Advanced Social Media and Big Data Research — PSYCH 493

  • In this course students will conduct and present research projects related to the topic of social media. Projects will center on how social media shapes the way we work and interact with information and relationships, and how those processes shape us in return.

Past Courses

The following is a list of classes that I have taught in the past.

Biological Psychology — PSYCH–330

  • The physiological basis of behavior, including the genetics and evolution of behavior, central nervous system anatomy and physiology, research methods, diseases of the brain and associated behavioral alterations and the study of selected systems, e.g., sensorimotor, eating and drinking, sleeping and dreaming, language, and sexual behavior.

  • Prerequisites: PSYCH 110 - Principles of Psychology, SOSCI 210 - Social Science Statistics, SOSCI 220 - Social Science Research Methods.

Cognitive Psychology — PSYCH–370

  • Exploration of theory and research related to the mental processes that characterize human thought. In particular, this course examines the nature of how people acquire, remember, and use knowledge. Topics covered include attention, pattern recognition, memory, language, problem solving and reasoning.

  • Prerequisites: PSYCH 110 - Principles of Psychology, SOSCI 210 - Social Science Statistics, SOSCI 220 - Social Science Research Methods.

Introduction to Psychology — PSYCH–1100

  • (2009–2014), The Ohio State University. (12 sections total)
  • A prerequisite to advanced courses; a broad survey of psychological science. Application of the scientific method to the empirical study of behavior with emphasis on individual and cultural differences.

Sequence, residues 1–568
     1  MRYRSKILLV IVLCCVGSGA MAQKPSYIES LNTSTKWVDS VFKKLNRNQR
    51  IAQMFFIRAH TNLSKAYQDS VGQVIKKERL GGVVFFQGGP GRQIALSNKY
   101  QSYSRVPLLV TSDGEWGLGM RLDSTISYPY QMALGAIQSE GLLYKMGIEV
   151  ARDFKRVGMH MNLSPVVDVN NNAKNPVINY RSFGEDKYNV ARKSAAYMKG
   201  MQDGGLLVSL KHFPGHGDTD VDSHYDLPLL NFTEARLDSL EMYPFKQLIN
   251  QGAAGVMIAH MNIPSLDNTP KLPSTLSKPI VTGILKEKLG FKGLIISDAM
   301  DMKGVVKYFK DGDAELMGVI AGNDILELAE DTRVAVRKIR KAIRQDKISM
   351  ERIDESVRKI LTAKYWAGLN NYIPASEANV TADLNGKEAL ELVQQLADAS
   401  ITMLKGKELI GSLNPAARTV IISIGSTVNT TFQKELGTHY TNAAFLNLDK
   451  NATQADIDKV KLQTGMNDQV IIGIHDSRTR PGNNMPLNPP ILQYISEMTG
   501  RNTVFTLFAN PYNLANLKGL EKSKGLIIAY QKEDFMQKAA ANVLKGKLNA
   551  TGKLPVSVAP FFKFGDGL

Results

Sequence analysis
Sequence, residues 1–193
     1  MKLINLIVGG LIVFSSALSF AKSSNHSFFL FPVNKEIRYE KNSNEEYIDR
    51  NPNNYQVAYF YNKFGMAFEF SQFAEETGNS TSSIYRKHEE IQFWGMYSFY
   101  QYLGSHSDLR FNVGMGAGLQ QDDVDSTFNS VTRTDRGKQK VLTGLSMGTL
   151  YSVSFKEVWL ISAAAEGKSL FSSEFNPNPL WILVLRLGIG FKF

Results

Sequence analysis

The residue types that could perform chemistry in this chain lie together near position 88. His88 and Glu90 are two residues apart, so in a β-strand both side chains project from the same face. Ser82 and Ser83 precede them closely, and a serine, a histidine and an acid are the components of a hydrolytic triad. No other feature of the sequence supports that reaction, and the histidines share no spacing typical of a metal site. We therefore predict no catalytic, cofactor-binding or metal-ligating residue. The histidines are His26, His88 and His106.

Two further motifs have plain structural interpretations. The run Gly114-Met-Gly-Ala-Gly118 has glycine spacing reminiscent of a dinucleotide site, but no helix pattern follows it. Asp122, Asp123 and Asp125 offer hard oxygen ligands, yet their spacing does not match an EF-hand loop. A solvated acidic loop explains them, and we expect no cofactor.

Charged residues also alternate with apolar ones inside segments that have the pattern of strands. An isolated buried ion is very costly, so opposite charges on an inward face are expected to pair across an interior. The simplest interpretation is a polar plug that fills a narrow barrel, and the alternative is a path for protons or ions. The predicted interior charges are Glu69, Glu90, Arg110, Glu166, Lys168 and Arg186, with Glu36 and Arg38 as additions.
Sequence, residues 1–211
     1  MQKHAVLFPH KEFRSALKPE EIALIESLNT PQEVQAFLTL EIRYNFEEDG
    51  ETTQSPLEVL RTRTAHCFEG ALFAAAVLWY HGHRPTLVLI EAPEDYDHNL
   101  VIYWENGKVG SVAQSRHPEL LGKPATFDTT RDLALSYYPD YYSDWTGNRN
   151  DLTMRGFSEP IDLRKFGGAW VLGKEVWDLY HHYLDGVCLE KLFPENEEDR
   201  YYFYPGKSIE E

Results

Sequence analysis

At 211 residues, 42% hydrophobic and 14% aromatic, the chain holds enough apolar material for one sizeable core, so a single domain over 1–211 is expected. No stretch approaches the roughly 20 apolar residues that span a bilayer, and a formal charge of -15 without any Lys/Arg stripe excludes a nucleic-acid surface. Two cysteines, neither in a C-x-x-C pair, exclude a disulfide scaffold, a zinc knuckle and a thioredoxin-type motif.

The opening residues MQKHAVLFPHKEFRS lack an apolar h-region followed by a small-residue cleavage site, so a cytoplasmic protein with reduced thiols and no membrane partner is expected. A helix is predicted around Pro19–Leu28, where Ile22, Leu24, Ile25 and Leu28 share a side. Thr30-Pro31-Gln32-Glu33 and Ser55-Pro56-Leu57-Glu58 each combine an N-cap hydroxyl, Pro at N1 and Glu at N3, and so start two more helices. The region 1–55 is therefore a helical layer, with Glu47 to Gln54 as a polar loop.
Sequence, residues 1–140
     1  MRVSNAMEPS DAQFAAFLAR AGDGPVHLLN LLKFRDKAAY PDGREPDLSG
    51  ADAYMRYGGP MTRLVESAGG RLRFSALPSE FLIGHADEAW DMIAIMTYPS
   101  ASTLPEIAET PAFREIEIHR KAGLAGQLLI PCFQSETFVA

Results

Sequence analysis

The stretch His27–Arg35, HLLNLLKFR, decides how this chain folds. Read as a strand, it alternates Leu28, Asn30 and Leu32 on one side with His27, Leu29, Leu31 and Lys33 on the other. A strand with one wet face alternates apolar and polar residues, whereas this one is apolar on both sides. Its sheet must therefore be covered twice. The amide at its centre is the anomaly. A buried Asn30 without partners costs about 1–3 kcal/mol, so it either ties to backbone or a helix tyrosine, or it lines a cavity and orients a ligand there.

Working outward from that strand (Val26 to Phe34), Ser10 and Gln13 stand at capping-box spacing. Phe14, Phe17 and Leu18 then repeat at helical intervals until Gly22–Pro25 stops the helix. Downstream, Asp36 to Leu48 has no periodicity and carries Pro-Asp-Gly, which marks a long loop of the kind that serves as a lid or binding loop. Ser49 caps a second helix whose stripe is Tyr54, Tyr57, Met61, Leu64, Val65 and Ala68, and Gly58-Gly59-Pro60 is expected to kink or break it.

Memory & Cognition — PSYCH 3312

  • (2012), The Ohio State University (guest lecturer for 3 weeks)
  • An introduction to the experimental study of human memory and cognition.

Principles of Psychology — PSYCH–110

  • An introduction to psychology: biopsychology, sensation/perception, learning, memory, language, thought, motivation, personality, emotion, stress, development, social psychology and psychological disorders and therapies. Attention is given to the methodology of the social sciences.

Social Science Research Methods — SOSCI–220

  • Students learn research logic, strategies, issues in the social sciences, including qualitative and quantitative techniques, program evaluation, and survey, correlational, experimental, quasi-experimental, single subject, and field research designs. Students develop and test research hypotheses and identify and operationally define research variables, design research studies, draw valid conclusions, and write research reports following a professional style.

  • Prerequisites: PSYCH 110 - Principles of Psychology, SOC 110 - Principles of Sociology, SOSCI 210 - Social Science Statistics.

Social Sciences Statistics — SOSCI–210

  • Fulfills Quantitative Reasoning Goal. A study of descriptive and inferential statistics, including correlation, regression and hypothesis testing using the t, F and chi square tests. Not open to students who have credit for MATH 215.

  • Prerequisites: PSYCH 110 or SOC 110, a college algebra course or its equivalent (MATH 110, MATH 120, MATH–130, MATH 220, MATH 230, or MATH 231).